and the step range of the gages. metal gages. However, the film itself may show where contact
6.2 Generally, the agreement between notch gages is good was made. When reading the gage, look at both the gage and
because they are insensitive to small differences in film the film itself for verification of the reading.
thickness, that is the step intervals of the gages are relatively 8.7.2 The gage may slip on the surface. Ignore such read-
large. ings.
8.7.3 The surfa ce may be coarse and false readings pro-
PROCEDURE A duced. The spot where the gage is used must be as uniform as
possible and questionable readings ignored.
7. Apparatus 8.8 Determine the mean and range of the readings.
7.1 Notched Gage , square or rectangular, thin rigid metal
plate, with notched sides (see Fig. 1), made from steel or 9. Report
aluminum3 (Note 1). Nonmetallic gages shall not be used. 9.1 Report the mean and range of the reading s.
NOTE 1—Aluminum or aluminum alloy gages are more easily distorted PROCEDURE B
and may exhibit greater wear than steel gages. Gages made of plastic or
deformable metal are not suitable. 10. Apparatus
7.1.1 Each notched side shall consist of a series of tabs 10.1 Circular Notched Gage, 4 thin metal disk, with cali-
(between notches) varying in length and located in a line brated notches of various depths spaced around its periphery
between two end tabs equal in length and longest in the row.
7.1.2 As an example, the tabs on one row of a gage may 4
The “Hotcake” Wet Film Thickness Gage is covered by a patent held by Paul
differ in length as follows: N. Gardner, Sr., 316 N.E. First Street, Pompano Beach, FL 33060. Interested parties
are invited to submit information regarding the identification of acceptable alterna-
tives to this patented item to the Committee on Standards, ASTM Headquarters, 100
Barr Harbor Drive., West Conshohocken, PA 19428. Your comments will receive
3
These gages are commercially available from various coating equipment and careful consideration at a meeting of the responsible technical committee, which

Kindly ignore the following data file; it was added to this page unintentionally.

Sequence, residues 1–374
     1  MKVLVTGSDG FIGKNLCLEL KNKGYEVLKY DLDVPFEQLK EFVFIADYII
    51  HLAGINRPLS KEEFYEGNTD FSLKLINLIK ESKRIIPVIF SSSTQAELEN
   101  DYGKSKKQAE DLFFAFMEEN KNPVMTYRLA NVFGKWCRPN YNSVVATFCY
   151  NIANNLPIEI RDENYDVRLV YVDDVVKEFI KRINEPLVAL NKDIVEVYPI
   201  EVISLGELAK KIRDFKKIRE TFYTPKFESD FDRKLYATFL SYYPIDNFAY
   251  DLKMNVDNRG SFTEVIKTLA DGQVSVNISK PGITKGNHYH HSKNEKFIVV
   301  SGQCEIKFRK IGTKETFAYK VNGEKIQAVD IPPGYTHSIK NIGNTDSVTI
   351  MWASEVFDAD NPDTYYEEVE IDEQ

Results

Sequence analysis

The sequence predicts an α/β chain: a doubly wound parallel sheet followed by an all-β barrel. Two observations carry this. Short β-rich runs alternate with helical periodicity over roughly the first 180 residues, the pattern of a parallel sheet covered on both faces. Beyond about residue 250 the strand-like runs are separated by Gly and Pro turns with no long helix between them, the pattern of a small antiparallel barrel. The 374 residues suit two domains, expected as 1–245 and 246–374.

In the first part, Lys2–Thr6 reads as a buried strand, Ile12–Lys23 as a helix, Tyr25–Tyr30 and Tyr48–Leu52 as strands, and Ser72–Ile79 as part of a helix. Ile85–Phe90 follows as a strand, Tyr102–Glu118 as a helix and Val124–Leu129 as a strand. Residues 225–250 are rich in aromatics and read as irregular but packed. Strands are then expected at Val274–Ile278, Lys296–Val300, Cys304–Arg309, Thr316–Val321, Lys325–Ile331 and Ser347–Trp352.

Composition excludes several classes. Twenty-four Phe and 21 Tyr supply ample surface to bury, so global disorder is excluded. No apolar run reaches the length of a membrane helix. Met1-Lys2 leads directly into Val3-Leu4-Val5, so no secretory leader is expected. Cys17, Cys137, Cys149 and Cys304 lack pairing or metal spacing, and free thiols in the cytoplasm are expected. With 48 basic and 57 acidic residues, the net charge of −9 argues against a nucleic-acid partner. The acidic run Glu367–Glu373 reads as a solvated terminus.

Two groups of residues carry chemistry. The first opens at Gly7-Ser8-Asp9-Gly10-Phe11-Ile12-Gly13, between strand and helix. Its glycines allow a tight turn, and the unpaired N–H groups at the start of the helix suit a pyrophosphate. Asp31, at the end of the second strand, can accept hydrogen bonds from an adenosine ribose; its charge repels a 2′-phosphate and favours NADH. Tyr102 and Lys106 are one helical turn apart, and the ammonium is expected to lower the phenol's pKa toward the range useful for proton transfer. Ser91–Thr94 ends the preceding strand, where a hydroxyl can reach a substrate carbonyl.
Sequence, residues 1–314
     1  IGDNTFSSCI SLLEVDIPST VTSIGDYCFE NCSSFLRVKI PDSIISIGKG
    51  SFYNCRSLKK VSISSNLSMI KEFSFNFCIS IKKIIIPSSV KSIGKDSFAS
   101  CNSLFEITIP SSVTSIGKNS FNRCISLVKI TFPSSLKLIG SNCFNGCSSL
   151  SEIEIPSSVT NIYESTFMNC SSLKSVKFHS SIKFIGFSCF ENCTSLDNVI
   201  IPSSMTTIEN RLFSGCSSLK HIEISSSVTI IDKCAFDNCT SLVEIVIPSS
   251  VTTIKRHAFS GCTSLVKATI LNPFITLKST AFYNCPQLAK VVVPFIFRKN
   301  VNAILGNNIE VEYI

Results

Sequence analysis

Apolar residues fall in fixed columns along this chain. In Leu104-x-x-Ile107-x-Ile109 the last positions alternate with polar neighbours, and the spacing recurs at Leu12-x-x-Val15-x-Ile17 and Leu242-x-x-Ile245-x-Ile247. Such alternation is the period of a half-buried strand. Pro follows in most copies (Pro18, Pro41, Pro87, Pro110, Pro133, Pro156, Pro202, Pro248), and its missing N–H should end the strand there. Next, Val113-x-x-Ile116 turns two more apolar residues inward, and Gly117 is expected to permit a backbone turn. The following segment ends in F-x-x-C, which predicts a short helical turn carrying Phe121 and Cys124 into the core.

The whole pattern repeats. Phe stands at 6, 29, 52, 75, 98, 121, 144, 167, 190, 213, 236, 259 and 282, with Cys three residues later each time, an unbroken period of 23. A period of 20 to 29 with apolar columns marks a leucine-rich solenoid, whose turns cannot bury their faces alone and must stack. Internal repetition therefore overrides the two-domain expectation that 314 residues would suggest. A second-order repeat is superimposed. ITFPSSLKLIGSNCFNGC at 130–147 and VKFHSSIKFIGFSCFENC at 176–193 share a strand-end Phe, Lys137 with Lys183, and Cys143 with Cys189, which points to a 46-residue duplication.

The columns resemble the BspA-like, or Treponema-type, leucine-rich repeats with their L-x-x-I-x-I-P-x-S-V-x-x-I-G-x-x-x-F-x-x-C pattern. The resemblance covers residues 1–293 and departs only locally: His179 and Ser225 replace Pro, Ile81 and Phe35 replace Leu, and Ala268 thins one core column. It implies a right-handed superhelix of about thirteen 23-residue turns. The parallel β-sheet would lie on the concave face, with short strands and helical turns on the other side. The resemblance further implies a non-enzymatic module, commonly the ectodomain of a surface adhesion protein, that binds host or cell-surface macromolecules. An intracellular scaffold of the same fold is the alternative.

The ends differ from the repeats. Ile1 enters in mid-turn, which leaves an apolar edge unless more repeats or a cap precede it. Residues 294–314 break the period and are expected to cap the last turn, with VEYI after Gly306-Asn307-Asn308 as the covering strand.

instrument suppliers. you may attend.

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D 4414
(see Fig. 2). Each notch has a reces sed flat face. A hole is in the 11. Procedure
center of the disk. 11.1 Select a gage that has a segment with a thickn ess scale
10.2 Examples of the scale increments and ranges provided appropriate for the expected range of wet-film thickness.
by the notches are: 11.2 Locate areas on the rigid substrate sufficiently large to
10.2.1 25–µm increments between 25 µm to 100 µm (1 to 4 permit the gage to roll for at least 1 1⁄2 in. (40 mm).
mils),
11.3 Apply the liquid coati ng to the substrate and immedi-
10.2.2 50–µm increments between 150 µm to 1500 µm (6
ately place the selected segment perpendicularly on the wet
and 60 mils), and
film and in firm contact with the substrate. Roll the gage across
10.2.3 100–µm increments between 1500 µm to 2000 µm(60
the film, holding the disk with a thumb and index finger in the
and 80 mils ). center hole.
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11.4 Remove the gage from the film and inspec t the notch `
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faces. The wet-film thickness is determined as being between


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the clearance of the deepest notch face wetted and the `


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clearance of the next deeper notch face not wetted by the film. `
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11.5 Clean the gage immediately after each reading by ,


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wiping on a dry or solvent-dampened cloth so that subsequent


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readings are not affected. Do not clean with metal scrapers. -


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11.6 Repeat the procedure from 11.1-11.5 as described in


8.7.
11.7 Determine the mean and range of the readings.

12. Report
12.1 Report the mean and range of the reading s.

13. Keywords
FIG. 2 Circular Notched Gage 13.1 circular notched gage; rectang ular notched gage

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if not revised, either reapproved or withdrawn. Your comments are invited either for revision of this standard or for additional standards